Says FAA, Military Response Was Poorly Coordinated
Like the rest of us
humans, the military's air defense command as well as its civilian
control agency were dazed and confused by the events of 9/11,
according to a new report from the committee studying the terror
"NORAD and the FAA were unprepared for the type of attacks
launched against the United States on September 11, 2001," the
report said. "They struggled, under difficult circumstances, to
improvise a homeland defense against an unprecedented challenge
they had never encountered and had never trained to meet."
Some of those struggles were against the system itself. For
instance, controllers first learned on September 11th that American
Airlines Flight 11 had been hijacked at 8:24 AM EDT. But because
protocol demanded controllers go through layer upon layer of
command, they were unable to get to NORAD in time to stop the
"We have a problem here," the FAA's Boston Center told the North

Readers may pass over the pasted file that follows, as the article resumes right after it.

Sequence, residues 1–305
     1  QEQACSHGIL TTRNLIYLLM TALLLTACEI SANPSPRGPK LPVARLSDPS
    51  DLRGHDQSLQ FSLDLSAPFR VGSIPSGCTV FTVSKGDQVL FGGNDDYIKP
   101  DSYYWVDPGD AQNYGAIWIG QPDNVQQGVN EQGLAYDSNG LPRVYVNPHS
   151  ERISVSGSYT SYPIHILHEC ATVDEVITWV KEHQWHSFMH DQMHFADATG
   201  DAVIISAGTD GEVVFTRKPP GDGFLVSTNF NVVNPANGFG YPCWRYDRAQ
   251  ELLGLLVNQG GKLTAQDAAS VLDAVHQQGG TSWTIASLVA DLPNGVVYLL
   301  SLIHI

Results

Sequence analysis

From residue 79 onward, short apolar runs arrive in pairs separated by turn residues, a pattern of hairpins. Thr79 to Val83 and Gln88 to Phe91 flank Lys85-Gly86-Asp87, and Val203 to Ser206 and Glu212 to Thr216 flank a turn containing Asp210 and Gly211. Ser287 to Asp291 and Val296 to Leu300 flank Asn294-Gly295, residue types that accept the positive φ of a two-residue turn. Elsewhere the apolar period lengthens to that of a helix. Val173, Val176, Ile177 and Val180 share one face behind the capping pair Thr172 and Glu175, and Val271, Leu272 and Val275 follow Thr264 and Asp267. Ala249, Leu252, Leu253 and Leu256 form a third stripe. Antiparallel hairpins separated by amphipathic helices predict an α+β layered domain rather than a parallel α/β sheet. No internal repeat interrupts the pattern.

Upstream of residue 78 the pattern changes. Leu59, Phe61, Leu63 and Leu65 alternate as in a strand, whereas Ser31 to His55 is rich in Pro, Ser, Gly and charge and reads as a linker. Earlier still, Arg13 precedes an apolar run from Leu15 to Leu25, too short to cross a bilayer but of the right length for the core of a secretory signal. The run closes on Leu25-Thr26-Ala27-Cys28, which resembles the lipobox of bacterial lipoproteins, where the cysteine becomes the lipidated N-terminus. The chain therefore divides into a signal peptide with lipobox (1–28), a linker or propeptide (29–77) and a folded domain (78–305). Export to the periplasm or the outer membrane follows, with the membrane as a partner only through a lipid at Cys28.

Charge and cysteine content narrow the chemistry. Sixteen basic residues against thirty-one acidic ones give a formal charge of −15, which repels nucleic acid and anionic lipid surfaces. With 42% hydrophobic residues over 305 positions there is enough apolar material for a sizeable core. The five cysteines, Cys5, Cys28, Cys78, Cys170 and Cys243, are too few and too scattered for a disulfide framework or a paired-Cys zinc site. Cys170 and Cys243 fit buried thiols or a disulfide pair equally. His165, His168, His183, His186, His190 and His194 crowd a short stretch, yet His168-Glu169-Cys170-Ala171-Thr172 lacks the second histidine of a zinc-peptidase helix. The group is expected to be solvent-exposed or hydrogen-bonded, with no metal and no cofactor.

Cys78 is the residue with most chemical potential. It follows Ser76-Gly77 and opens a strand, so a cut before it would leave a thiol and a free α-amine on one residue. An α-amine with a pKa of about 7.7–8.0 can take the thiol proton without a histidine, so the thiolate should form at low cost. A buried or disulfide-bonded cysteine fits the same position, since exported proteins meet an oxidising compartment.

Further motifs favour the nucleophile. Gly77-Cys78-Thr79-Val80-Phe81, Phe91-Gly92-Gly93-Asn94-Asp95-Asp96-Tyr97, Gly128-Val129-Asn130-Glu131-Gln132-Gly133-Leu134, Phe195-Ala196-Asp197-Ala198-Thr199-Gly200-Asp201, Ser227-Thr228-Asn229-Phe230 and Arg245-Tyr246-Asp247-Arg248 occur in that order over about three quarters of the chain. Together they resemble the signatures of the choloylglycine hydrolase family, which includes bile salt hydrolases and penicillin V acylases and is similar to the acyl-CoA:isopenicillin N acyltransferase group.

East Air Defense Sector (NEADS). "We have a hijacked aircraft
headed towards New York, and we need you guys to, we need someone
to scramble some F-16s or something up there, help us out."
"Is this real-world or exercise?" asked the NEADS officer.
"No, this is not an exercise, not a test," replied the
F-15s were scrambled from Otis AFB in Atlantic City (NJ). Forty
seconds after they were ordered into the air, Flight 11 slammed
into the World Trade Center.
In the case of AAL Flight 77, the aircraft was off course for 36
minutes before it crashed into the Pentagon. Nobody noticed, in
part, because of a radar malfunction.
The 9/11 Commission was careful to praise those who did try to
respond that terrible morning. In the hours after the attacks, when
the FAA grounded all civilian flights, controllers nationwide
scrambled to get some 4,500 aircraft onto the ground. The
commission noted controllers had to deal with 50 times the usual
number of flight diversions.
The commission was also careful to say it's looking just as hard
for news of what went right as it is searching for problems that
hampered the response to the attacks.
"The real issue is first establishing the facts
minute-by-minute," said commissioner John Lehman, a Republican and
former Navy secretary. "Who knew what when? What orders were given?
From there we can learn the lessons of what went right."